Heritage Florida Jewish News - Central Florida's Independent Jewish Voice

Honorees and guests cherish senior community at Jewish Pavilion Gala


Brion Price

Shown here (l-r): Gala honoree Sammy Goldstein with close friends Jola Cope and Norma Ball, and husband, Bill Yahner, in front of LYNX Public Service Bus.

On Sunday, March 13, honorees and guests of The Jewish Pavilion Gala demonstrated the impact that just one person can make on an entire community. Friends Board President Faye Novick delivered opening remarks and warmly welcomed the more than 200 guests who had gathered at the Orlando Hilton North in Maitland to celebrate the event honorees, and to make a difference in the lives of residents of senior living communities served by the Pavilion. Novick commended the evening's honorees, Sammy Goldstein and Carol Stein, for sharing their love for their families, their community, and for helping the Jewish Pavilion maintain a caring and cultural connection with seniors in eldercare.

Both honorees sent the audience in search of tissues to dry their eyes during their heartfelt presentations. Goldstein credited his parents, Joy and Harold Goldstein, for inspiring him to give back to the elder community. He is not only a Jewish Pavilion board member, but also makes an added impact as a Pavilion annual sponsor, along with business partner, Manny Adams of Beth Shalom Memorial Chapel.

Stein, a frequent volunteer musician and senior companion, also role -modeled the generosity of her late parents, Betty and Daniel Stein, by giving back to numerous causes. In lieu of a speech, she presented a moving theme song, written expressly for to the Pavilion, noting the invaluable connection the Jewish Pavilion shares with its seniors. She sang, "Sharing a hug can bring such a gift, brightening a day and a spirit you lift. Making together the time so worthwhile, celebrating life with a smile... Traditions we bring and music we sing, in their eyes you'll see a fond memory. It has everything to do with the heart."

Keynote speaker and Village on the Green resident, Ruth "Billie" Goldhar, concurred with Stein's sentiments, agreeing that visits by the Jewish Pavilion hold a special place in her heart. The energetic and spritely 92-year-old shared how the Pavilion has touched her life, creating a Jewish connection year round for herself and her neighbors, including turning a holiday season that is typically red and green, into one that also welcomes blue and silver. She lauded the Pavilion's staff and volunteers for bringing smiles, holidays, special programs, as well as a connection to the traditions and community that have been a part of her life for almost a century.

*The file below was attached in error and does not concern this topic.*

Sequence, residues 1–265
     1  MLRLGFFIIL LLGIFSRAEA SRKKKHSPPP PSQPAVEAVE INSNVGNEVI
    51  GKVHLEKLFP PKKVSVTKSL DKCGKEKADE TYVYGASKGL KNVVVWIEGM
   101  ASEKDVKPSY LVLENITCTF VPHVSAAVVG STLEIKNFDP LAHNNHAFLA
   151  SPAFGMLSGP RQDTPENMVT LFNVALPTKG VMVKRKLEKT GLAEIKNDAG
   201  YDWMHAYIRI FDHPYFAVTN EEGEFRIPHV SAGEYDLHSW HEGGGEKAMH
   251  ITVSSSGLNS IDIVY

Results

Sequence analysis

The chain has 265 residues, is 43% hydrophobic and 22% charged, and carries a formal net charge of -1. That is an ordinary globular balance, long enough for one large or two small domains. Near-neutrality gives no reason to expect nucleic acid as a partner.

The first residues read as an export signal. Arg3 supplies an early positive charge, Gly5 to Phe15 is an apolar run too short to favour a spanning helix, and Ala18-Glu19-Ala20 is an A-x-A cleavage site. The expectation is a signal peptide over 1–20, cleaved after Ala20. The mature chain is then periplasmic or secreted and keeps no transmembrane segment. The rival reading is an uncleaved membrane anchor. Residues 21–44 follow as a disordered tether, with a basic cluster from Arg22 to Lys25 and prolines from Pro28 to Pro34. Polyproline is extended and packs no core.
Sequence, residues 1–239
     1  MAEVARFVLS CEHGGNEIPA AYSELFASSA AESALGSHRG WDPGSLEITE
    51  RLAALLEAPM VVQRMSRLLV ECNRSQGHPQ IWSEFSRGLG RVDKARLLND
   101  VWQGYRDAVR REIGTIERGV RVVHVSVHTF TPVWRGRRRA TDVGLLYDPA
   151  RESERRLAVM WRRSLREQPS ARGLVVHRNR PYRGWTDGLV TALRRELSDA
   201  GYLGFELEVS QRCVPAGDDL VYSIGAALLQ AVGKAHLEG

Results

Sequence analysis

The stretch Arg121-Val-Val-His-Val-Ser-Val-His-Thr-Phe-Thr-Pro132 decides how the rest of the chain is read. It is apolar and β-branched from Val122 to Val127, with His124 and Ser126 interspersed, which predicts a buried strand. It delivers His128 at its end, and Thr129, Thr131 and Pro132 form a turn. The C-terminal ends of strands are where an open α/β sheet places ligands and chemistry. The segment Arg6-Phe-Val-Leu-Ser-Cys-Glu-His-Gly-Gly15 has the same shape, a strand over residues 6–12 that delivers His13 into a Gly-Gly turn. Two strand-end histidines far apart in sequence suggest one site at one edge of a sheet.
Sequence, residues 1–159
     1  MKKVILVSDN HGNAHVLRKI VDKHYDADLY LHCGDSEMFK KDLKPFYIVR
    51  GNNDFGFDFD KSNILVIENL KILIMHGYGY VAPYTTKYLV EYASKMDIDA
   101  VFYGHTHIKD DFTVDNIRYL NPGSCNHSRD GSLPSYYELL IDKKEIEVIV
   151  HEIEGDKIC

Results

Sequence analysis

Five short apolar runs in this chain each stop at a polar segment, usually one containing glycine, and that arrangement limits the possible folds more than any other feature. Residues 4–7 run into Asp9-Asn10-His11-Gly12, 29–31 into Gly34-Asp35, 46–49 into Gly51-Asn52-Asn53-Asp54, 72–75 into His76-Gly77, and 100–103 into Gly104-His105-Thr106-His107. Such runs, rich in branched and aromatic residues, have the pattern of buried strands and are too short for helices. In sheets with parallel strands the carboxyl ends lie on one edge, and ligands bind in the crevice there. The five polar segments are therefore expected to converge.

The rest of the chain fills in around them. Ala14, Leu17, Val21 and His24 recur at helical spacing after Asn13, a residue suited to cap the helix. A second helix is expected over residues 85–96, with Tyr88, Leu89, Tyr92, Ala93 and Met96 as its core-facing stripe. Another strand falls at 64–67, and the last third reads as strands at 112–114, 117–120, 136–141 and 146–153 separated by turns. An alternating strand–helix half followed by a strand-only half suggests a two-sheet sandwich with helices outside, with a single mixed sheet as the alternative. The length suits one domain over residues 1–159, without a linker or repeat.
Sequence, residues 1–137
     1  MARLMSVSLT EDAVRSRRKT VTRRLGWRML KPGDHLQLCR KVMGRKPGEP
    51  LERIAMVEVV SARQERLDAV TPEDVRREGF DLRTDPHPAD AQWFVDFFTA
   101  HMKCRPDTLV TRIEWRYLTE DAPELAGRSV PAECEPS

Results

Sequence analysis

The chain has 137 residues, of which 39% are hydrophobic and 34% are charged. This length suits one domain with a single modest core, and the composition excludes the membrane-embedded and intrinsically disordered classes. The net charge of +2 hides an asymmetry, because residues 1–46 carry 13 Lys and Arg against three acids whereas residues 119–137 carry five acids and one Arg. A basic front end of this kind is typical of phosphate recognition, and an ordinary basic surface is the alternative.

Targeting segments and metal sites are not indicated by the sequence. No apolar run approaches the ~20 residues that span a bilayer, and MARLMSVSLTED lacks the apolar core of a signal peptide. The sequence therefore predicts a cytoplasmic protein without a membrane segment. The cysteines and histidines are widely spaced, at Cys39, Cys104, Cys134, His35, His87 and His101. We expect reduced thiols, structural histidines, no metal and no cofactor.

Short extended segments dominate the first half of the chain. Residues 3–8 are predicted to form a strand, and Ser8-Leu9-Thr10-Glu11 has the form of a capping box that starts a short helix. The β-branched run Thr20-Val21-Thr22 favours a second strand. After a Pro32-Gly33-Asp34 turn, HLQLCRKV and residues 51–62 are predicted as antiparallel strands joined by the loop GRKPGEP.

The moving affair was enhanced by the presence of the LYNX Public Service Bus parked outside the gala in the hotel's front circle drive, adorned with Jewish Pavilion's logo and that of several other nonprofits. Gala goers took advantage of one of the last chances to see the Lynx Public Service Bus, before it is rewrapped in just a few weeks, as part of an annual contest. Additionally, the festive evening featured a silent auction, a gourmet meal, and toe-tapping musical numbers by Paul Stenzler and his band, Rhythm Release.

Brion Price

John and Jill Lange with gala honoree Carol Stein and husband, Lee Wolfson.

"The Jewish Pavilion's 2016 gala was a huge success because of each person who came out to make a difference in the life of a senior. Everyone present, as well as those behind the scenes, contributed to an evening that will help us remain the Jewish connection for the elder-care resident for many years to come," stated Elsie Schilowitz, president of the Board of the Jewish Pavilion. Nancy Ludin, Jewish Pavilion executive director, expressed her gratitude to the village that it took to build the successful event. "I would personally like to thank our outstanding event co-chairs, Marci Gaeser and Susie Stone, their tireless gala committee, our friends and executive boards, as well as the Pavilion staff and sponsors who inspired our gala honorees, guests and volunteers to eat, drink, and to be charitable, all for the benefit of a group that we hold dear, seniors in long-term-care."


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